London 2012 anti-doping facility to become first UK phenome-research centre
Once the fun and games are all over, the London 2012 anti-doping facilities in Harlow will be developed into a world-class resource to help discover more targeted treatment for patients. The facilities, provided by GSK and operated by King’s College London, are currently being used to test athletes taking part in the Olympic and Paralympic Games.
The new MRC-NIHR Phenome Centre will enable researchers to explore the characteristics of disease in order to develop new drugs and treatments for patients. Phenotyping technology and expertise will be available to both researchers and the life sciences industry, to accelerate the translation of medical discoveries into better healthcare.
The Medical Research Council (MRC) and the Department of Health’s National Institute for Health Research (NIHR) have both invested £5 million, which will fund the new centre over five years. The centre will be led by a collaboration of academic partners, led by Imperial College London, and Bruker and Waters Corporation, suppliers of nuclear magnetic resonance and mass spectrometry equipment.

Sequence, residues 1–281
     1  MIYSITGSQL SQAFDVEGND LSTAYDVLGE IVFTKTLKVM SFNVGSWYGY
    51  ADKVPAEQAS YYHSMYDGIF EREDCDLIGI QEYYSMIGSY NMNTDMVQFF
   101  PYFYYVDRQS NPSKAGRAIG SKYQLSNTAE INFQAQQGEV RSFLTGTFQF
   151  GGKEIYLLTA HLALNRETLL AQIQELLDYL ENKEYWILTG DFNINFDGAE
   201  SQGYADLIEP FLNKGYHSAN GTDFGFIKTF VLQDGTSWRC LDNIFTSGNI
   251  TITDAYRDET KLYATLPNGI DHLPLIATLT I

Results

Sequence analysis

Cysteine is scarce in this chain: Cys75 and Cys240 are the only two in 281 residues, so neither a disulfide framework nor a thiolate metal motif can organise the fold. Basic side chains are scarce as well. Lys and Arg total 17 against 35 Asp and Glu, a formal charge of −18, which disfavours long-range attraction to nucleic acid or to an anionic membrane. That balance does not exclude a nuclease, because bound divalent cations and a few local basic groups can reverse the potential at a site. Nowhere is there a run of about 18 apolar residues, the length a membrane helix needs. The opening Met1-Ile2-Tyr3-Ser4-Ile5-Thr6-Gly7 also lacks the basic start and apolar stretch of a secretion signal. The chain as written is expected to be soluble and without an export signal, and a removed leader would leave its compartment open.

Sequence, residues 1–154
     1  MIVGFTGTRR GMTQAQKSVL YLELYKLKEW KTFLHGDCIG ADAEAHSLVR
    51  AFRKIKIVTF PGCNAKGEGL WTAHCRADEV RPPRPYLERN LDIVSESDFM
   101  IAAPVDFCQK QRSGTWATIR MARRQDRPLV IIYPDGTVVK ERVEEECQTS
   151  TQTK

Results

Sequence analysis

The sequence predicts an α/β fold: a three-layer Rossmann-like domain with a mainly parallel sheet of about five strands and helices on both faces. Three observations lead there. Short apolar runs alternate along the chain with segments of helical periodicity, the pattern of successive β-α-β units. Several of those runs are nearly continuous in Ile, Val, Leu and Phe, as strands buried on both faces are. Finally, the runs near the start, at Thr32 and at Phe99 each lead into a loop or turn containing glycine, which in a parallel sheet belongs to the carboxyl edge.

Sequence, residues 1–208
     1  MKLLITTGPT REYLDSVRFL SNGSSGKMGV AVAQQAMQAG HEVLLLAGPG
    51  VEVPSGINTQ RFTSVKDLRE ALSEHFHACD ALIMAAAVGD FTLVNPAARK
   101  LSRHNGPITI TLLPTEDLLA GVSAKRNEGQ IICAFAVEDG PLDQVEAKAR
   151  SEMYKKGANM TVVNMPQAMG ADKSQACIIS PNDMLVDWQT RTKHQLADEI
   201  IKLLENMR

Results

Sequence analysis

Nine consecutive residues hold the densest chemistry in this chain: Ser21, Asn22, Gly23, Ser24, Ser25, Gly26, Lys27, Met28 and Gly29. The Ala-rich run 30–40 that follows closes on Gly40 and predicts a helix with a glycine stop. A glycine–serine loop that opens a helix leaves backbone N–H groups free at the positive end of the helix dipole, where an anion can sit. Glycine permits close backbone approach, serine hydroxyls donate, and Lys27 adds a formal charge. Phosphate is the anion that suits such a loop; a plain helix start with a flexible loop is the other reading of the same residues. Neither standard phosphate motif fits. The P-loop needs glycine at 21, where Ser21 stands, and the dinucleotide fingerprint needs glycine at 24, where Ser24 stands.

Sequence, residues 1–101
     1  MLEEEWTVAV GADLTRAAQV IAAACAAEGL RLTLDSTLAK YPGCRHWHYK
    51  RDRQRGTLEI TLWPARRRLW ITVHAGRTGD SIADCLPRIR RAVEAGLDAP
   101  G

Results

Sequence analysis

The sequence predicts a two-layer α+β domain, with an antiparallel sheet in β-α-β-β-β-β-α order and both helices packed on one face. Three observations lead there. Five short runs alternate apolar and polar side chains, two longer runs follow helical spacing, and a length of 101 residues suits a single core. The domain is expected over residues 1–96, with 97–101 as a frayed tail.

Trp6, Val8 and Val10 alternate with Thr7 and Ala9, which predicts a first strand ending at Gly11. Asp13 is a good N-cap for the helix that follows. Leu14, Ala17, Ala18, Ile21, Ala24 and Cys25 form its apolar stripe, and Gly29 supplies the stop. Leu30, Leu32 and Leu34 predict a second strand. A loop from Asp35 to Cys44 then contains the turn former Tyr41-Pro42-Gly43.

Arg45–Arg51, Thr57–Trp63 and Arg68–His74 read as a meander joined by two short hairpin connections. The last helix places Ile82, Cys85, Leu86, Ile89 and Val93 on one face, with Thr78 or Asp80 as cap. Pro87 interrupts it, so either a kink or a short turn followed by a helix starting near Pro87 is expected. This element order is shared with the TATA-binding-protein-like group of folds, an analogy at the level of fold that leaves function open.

“There are no limits to the health-related breakthroughs we might see as a result of research carried out at the Phenome Centre. In future generations, perhaps diabetes, cancer or heart disease will be consigned to history. Alternatively, we might learn to more fully understand and eradicate obesity or other social health problems. Research on the scale that will take place at the centre will, we hope, mean fast, comprehensive results over the coming years.”
Dr. Rohit Khanna, Vice President of Worldwide Marketing for Waters.
UK Prime Minister, David Cameron, is to announce the plans for this first-of-its-kind phenome centre in London at a conference with healthcare professionals today.
Olympic anti-doping centre to become medical research lab (The Telegraph)
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